• and rules in all their openness and complexity, and making the ideas tractable to transparent and sustainable institutional practice.5.1.2. inattention to problems of articulation policy-practice systems and processes within local realities rather than simply as formal or abstract possibilities; When it is not dissolved into the immediate reality of political, often partisan or ethnocentric activity, policy pluralism in Africa is likely to be represented as pure principle that needs only proper application. Practitioners and analysts of democratisation in the continent tend to quickly pass over the particular nature of policy pluralism in fragmentary presence in much of Africa, adjusting it against an ideal-general conception of what it might be. On the implicit, theoreti- cally complacent assumption that formalistic, rhetorical modes of circulation of policy plural ideas and values in Africa nearly exhaust their articulation there, one often rushes to matters of implementation. Consequently, critical problems concerning the philosophical and practical entrenchment of policy plural system and process in Africa receive scant attention. The fundamental issues of how the concepts, standards and practices of policy pluralism could be generated and sus- tained under historically hectic conditions, and the manner in which they are likely to gain systemic integrity and autonomy as well as broad social currency are inadequately addressed.5.1.3. a nearly exclusive concern in certain institutional perspectives on policy- practice nexus with generic attributes and characteristics of social, economic, cultural and political organisations and consequent neglect of analysis in terms of specific strategies and performances of organisations; Institutional approaches to the study of policy plural reforms in Africa call for analysis of the effectiveness of government and non-government organisations in contributing to the reforms in terms of the generic characteristics of the organisa- tions. The characteristics include: autonomy, capacity, complexity, cohesion and a combination of these. Presumably, the more organisations and institutions are endowed with these attributes, the greater their strength, and the more likely they are to promote policy plural transition.5.1.4. ambiguity as to whether African think tanks are agents or objects of the nexus: In the current drive for policy pluralism and development in Africa society and institutions within it are foregrounded as the arena, agents and instruments of the movement. Internal and external demands for good governance and de- mocratisation in Africa and the need to reform the indigenous state into a system of transparent practices have placed a heavy emphasis on social institutions as autonomous actors within policy plural projects. This is particularly the case re- garding NGOs, but it also applies to other voluntary agencies in society. While the co-operation of governments or would-be governments must be secured for tran- sitions to policy pluralism, it cannot be expected that pressure for policy regime transformation will come from above. The most likely and most effective initiative will come from below, outside the decrepit, authoritarian state, in civil society. (Global Coalition for Africa / Africa Leadership Forum, 1993) Society yields the spontaneous interests, demands and insti- tutional mechanisms of policy plural transition. From this perspective, the state has only a limited role to play. Its function will not be to manage societys policy plural aspirations and activities, but to create the enabling conditions for their free play. Institutions and groups in civil society must be allowed to form and run themselves. When they begin to address longer socio-economic and political is- sues beyond their limited sectional concerns, or to co-operate with the state on certain matters, they should be able to do so in terms of their specific interests and competence, not as mere instruments or extensions of governments. Page 7 | Legislative and institutional trajectories for the RPP nexus: BTC 2011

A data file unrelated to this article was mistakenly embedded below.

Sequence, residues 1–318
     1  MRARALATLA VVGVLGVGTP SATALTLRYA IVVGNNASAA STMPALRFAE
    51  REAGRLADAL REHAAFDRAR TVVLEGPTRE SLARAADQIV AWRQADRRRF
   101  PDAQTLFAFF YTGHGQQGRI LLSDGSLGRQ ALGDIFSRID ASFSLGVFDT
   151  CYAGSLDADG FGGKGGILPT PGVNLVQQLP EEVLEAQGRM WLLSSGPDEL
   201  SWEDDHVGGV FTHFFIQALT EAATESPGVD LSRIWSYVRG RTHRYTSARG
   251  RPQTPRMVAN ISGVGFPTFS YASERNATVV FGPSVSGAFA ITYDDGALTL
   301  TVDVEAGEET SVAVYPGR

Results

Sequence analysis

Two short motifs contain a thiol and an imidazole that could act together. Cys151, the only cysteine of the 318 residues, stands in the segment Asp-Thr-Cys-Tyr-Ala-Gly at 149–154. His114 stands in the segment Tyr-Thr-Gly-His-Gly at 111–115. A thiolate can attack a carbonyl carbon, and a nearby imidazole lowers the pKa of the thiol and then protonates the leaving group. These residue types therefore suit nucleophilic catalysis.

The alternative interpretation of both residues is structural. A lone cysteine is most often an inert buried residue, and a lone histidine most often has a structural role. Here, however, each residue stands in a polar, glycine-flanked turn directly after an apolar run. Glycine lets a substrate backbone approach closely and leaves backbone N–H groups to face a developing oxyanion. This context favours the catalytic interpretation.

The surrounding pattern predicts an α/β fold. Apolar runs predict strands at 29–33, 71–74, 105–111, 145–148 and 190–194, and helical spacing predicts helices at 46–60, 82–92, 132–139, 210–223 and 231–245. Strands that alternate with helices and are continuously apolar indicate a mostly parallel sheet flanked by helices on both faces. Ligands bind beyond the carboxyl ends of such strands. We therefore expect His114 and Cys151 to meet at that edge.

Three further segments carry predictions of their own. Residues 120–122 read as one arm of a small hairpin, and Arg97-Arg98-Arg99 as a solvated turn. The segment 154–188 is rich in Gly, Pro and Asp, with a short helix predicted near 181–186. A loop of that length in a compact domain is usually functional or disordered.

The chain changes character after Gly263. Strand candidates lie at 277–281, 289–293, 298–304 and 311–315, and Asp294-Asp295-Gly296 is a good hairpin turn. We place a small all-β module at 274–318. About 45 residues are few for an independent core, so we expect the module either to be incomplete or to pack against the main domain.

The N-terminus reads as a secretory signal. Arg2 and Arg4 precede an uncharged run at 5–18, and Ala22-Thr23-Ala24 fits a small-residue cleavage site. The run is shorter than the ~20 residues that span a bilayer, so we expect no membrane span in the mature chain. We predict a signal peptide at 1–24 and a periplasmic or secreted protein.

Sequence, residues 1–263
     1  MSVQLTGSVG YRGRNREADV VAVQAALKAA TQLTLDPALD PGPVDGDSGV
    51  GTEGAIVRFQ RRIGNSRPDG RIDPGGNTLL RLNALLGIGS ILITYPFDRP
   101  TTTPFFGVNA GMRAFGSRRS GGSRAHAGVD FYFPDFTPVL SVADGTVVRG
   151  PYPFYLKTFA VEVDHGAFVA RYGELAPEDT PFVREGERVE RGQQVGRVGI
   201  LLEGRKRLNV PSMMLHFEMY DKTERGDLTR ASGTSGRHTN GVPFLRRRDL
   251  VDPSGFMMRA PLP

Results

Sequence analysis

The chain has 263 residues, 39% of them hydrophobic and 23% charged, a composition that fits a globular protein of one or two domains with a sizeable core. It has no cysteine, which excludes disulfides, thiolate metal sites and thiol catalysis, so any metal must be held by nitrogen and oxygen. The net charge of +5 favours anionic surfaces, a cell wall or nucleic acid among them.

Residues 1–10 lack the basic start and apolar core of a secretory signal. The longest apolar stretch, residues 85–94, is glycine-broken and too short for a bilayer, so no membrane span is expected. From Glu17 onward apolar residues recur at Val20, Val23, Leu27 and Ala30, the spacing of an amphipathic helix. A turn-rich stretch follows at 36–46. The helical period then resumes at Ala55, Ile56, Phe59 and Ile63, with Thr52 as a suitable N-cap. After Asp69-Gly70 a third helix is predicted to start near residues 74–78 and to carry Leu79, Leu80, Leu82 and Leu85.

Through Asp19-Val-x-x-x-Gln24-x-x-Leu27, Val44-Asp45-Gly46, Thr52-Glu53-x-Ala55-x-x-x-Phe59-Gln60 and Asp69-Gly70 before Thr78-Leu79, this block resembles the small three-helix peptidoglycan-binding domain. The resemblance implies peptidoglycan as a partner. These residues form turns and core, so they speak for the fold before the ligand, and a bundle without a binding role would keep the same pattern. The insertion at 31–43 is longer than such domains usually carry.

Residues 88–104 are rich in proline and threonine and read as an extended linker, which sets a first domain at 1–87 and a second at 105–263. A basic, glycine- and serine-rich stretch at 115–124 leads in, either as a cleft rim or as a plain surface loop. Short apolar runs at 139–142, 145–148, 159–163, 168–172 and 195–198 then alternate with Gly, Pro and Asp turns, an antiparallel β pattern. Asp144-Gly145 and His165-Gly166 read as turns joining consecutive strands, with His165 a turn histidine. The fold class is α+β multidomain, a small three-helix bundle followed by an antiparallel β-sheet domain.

• 5.1.5. inadequate treatment of the role of policy transfers from the Bretton Wood In- stitutions and of relations between global and indigenous aspects or dimensions of policy-practice nexus Multilateral, bilateral and non-governmental external agencies have in recent years taken a large number of initiatives aimed directly or indirectly at helping Africa democratise its way out of economic chaos and political instability. In do- ing so, they rely on a wide variety of programmes, institutional mechanisms and policies. Indeed, growing external involvement in African projects of democrati- sation and economic recovery has resulted in increasingly challenging problems of conceptualising and understanding the role of international agencies. These, then, are some of the analytical limitations that characterise existing perspec- tives on transition to policy pluralism. African governments and societies undoubtedly depend on international assistance in their projects of reform. Such assistance is vital for the projects in many areas and at many levels. Yet it must be recognised that external support creates problems as well as opportunities for democratisation on Africa. In con- fronting the imperatives of political change, nothing is more challenging for our polities than the strategic co-ordination of diverse global and local elements, relations and activi- ties within themselves, nor has anything greater potential for enabling them achieve suc- cessful transitions to policy pluralism. This leads us to some fundamental issues of the findings and conclusion to stem the tide of policy transfers that are indubitably a failure in African policy implementation.5.2. Particular representations and explicit general forms in the nexus In the light of the above questions, it is possible to draw a conceptual distinction be- tween two levels of articulation of ideology in the nexus and to note the implications of their relations for process openness. • Particular representations: There are first, representations of specific interests, identities, needs, wishes, goals, claims, demands and so on, of different in differ- ent individuals, groups and communities. Particular representations have to do with ideologically loaded articulations of interests, needs and activities which may appear or become so immediate as to be taken for spontaneous realities. • Explicit general forms: These are to be distinguished from a second level of pro- duction and circulation of policy ideology where broad-based concepts, princi- ples and rules take shape and come into play. Explicit general forms of policy- practice nexus refer to systemic categories and institutional mechanisms; they objectively, mediate and generalise particular representations. In examining or assessing the ideological possibilities and problems of the nexus, particular representations and general forms need to be addressed in terms of their rela- tion, even as they retain their distinct conceptual status. For the two levels tend to in- corporate each other in a more or less uncertain and complex process, as well as consti- tuting relatively autonomous coherence in themselves. The breadth and depth of generic forms cannot be grasped or judged simply on their own worth, i.e., on their theoretical correctness or the rigour of their formal construction. Nevertheless, this should not overlook the matter of how far particular constructs inform and condition RPP concepts and rules; but has to conceptualise the relation between the two levels of production of policy and implications for openness of the nexus. One way is to think of it in terms of concrete instances and abstract systems. A sys- tem of policy concepts, principles, rules and procedures provides objective standards to which every instance of representation of interests, needs, demands, and intentions must conform. In this light the nexus appears as a process in which a global structural model of ideology is applied to local contexts. It is seen as the extension of the ideologi- cal and institutional contents of the model toward projects of policy reform. Page 8 | Legislative and institutional trajectories for the RPP nexus: BTC 2011